For years, the cognitive abilities of our Neanderthal ancestors have been heavily debated. But a discovery by Ana Majkic at Universite de Bordeaux published in the open-access journal, PLOS ONE, may give new insight into this subject. A raven bone fragment found at the Zaskalnaya (ZSK) site in Crimea was uniquely identified by two notches that may have been etched by Neanderthals intentionally – possibly to create a visually consistent pattern.
The recent discoveries of altered bird bones in many Neanderthal sites has led to debate amongst researchers about whether these bones were used as personal ornaments or as tools.
Majkic and her colleagues wanted to determine whether the two notches on the raven bone were done by Neanderthals in an attempt at making the final series of notches appear to be evenly spaced. In order to gain some insight, they conducted a mixed-methods study.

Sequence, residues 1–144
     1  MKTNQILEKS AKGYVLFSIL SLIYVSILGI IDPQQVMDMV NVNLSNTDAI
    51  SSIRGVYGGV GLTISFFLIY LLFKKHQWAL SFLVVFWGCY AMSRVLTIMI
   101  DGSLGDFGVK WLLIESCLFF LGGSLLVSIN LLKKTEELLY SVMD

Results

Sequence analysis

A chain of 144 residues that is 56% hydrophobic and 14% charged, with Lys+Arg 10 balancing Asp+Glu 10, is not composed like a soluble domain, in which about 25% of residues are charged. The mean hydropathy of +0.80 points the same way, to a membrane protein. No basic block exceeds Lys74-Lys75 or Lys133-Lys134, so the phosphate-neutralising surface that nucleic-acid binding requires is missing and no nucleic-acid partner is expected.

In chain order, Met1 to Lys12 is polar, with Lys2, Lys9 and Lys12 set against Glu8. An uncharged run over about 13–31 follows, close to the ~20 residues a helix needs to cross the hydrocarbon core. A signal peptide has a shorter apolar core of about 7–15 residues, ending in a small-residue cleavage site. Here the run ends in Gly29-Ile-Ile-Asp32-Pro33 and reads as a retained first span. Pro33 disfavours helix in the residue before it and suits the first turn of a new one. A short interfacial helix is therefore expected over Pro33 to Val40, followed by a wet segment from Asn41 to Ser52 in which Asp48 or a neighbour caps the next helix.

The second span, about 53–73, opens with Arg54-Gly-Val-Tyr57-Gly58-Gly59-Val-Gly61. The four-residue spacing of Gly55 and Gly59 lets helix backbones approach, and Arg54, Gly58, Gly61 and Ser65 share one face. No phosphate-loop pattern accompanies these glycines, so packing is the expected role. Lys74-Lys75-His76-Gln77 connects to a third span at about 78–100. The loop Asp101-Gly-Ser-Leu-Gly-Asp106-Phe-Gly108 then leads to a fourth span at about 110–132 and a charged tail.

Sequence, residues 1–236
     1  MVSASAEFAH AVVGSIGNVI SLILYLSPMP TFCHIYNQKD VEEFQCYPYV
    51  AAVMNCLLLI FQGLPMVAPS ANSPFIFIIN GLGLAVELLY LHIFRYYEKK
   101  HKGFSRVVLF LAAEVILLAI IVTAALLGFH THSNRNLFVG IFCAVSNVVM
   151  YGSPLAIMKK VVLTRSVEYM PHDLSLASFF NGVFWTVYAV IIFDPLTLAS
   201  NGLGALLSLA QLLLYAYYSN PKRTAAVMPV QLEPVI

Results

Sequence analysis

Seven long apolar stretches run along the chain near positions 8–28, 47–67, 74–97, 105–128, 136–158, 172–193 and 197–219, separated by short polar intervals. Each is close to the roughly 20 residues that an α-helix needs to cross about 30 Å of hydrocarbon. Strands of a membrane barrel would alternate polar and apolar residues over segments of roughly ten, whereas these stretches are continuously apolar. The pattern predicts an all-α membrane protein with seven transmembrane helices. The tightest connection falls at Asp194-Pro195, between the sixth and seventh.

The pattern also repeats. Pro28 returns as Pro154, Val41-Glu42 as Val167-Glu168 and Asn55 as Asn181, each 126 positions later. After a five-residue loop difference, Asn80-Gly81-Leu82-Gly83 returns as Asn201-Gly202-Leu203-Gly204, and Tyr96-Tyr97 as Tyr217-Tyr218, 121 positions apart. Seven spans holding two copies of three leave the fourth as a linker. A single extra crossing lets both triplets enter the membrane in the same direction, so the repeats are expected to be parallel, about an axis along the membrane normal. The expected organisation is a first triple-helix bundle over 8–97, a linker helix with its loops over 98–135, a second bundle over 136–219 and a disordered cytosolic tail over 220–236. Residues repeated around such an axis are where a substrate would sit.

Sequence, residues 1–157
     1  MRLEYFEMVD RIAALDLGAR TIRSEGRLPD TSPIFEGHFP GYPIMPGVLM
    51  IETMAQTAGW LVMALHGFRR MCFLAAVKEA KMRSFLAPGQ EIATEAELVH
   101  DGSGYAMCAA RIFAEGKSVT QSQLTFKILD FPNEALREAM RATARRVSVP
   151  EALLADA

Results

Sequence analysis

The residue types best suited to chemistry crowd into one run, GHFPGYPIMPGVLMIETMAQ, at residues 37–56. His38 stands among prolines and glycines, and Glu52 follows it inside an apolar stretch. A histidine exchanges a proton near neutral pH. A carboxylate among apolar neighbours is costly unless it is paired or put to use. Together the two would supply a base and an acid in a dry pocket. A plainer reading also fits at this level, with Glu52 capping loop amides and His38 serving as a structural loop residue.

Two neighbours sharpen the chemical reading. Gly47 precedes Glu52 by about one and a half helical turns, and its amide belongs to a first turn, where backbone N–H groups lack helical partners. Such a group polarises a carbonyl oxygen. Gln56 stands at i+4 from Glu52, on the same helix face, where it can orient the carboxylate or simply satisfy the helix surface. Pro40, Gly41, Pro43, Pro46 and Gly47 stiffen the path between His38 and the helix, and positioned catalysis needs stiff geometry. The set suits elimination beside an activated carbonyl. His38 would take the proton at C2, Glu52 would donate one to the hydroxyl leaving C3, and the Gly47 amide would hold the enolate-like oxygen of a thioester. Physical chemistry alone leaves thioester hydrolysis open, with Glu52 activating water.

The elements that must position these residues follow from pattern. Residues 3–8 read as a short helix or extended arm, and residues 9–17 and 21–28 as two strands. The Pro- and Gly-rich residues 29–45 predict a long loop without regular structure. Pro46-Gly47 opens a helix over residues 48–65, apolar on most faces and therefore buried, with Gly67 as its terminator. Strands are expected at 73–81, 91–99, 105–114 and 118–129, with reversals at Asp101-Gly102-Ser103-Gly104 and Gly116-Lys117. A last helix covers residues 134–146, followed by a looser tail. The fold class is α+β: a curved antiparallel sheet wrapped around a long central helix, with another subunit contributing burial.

In a multi-phase experiment, volunteers were asked to create their own evenly spaced notches on domestic turkey bones – similar in structure to the ZSK raven bone. The shape and dimensions of these notches were then analyzed.
The data revealed that the equal spacing of these experimental notches were comparable to those in the raven bone. The research team also analyzed archeological specimens bearing similarly aligned notches.
Ultimately, the researchers concluded that the two notches on the ZSK raven bone might have been intentionally carved by Neanderthals in order to create a visually consistent – perhaps even symbolic – pattern. This study may be the first of its kind to provide direct evidence in support of a symbolic argument for the intentional modification of a bird bone by Neanderthals.
By Connor Ertz, Earth.com Staff Writer